> Agenda first journalism is causing more problems than it solves.
That's not journalism. That's activism and advocacy masquerading as journalism. In other words, it's propaganda. Things were better, when pieces that were clearly opinionated were in the Opinions section of the newspaper. Now entire newspapers are opinions.
To be fair, pure objectivity is impossible unless you only present facts and avoid selective omission, but it doesn't mean we can't strive to try and be as objective as possible. Saying that it's impossible to be objective, so we shouldn't even bother trying is at the root of our current problems.
It's very disheartening. Almost every news source has become like this. (Or maybe it was this way for a long time and I never really noticed? Who knows.)
I know inflammatory editorial injections into headlines and articles can increase the amount of clicks and ad revenue, but I wonder how much of this is a marketing tactic and how much is a genuine shift towards heightened polarization among newspaper staff.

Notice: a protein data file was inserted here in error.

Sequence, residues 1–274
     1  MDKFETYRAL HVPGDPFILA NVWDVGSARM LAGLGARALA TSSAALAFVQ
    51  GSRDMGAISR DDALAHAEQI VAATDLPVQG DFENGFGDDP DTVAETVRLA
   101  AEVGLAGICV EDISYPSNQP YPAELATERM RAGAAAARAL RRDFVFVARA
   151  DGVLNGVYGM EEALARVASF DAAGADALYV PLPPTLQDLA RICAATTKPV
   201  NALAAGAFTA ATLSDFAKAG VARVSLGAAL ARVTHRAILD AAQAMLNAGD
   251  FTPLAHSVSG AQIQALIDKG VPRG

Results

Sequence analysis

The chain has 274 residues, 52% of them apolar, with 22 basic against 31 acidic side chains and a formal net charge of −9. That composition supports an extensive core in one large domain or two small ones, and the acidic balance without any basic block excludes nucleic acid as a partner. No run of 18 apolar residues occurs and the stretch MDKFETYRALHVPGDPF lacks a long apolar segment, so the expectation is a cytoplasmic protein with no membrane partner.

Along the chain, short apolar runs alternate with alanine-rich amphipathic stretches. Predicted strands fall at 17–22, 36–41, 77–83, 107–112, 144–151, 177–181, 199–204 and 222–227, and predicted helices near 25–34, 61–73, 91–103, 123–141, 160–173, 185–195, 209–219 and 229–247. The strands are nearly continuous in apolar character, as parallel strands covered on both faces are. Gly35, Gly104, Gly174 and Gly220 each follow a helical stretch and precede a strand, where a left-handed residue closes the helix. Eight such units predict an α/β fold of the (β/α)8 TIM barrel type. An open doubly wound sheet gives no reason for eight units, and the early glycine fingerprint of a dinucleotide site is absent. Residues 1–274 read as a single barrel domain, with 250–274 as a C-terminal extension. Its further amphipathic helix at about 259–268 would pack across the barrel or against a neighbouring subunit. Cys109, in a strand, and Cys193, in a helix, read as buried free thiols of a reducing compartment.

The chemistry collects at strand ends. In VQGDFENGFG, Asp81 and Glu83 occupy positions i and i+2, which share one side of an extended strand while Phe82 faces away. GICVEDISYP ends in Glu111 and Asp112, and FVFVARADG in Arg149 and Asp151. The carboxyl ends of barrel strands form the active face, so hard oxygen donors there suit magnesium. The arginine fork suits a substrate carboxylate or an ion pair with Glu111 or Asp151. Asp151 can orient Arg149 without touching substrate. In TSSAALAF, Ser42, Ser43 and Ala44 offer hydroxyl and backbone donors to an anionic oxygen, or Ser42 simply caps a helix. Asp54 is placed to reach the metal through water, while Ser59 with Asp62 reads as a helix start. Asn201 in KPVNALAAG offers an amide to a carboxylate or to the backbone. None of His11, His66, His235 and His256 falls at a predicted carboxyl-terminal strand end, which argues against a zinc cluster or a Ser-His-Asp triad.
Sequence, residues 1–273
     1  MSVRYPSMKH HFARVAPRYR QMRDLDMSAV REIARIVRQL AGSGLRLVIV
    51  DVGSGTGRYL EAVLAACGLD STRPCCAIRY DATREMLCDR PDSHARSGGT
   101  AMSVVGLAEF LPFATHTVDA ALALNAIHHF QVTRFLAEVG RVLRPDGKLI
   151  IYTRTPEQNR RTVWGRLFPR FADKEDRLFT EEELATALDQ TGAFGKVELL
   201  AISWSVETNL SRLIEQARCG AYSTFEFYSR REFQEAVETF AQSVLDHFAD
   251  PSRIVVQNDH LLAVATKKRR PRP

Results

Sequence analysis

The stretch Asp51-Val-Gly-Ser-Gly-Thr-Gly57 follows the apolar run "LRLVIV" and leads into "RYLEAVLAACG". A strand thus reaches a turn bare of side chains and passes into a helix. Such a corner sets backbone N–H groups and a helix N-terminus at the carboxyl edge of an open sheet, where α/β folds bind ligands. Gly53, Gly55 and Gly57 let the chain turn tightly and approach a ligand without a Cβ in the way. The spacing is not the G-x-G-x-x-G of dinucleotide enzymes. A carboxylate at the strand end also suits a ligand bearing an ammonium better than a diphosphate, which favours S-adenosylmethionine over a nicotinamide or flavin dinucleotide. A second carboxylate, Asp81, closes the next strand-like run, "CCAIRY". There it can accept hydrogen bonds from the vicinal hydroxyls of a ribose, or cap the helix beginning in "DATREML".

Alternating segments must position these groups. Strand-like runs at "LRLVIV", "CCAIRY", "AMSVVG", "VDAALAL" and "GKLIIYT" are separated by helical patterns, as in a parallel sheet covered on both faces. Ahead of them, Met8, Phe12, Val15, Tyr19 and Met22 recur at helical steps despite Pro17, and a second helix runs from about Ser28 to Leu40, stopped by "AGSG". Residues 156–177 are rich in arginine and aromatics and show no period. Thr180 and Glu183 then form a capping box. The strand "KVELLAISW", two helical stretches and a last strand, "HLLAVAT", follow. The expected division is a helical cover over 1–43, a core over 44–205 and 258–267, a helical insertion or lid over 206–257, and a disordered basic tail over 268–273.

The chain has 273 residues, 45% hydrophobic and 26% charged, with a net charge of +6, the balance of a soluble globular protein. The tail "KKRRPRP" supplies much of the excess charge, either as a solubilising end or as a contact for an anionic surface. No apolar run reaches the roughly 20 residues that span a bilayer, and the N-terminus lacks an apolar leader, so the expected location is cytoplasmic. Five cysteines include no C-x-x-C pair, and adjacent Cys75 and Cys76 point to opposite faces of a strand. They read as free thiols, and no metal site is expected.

I think it's increasingly polarization and a desire to be a participant in the story. The media doesn't just want to report the story. They want to manipulate stories into something they can milk for weeks and months.
PG seems like a good guy and there doesn't seem to be evidence or allegations. He co-founded YC with a woman who he attributes a lot of the companies success to. YC did a lot for ALL founders during his stead.
The point is, in a climate which was less politically charged He, a person who has no track record, is still painted as someone who is part of the problem.
- people find these stories less credible
- alienation of allys either directly or indirectly
- undue backlash
- distrust of media (interviewer and audience)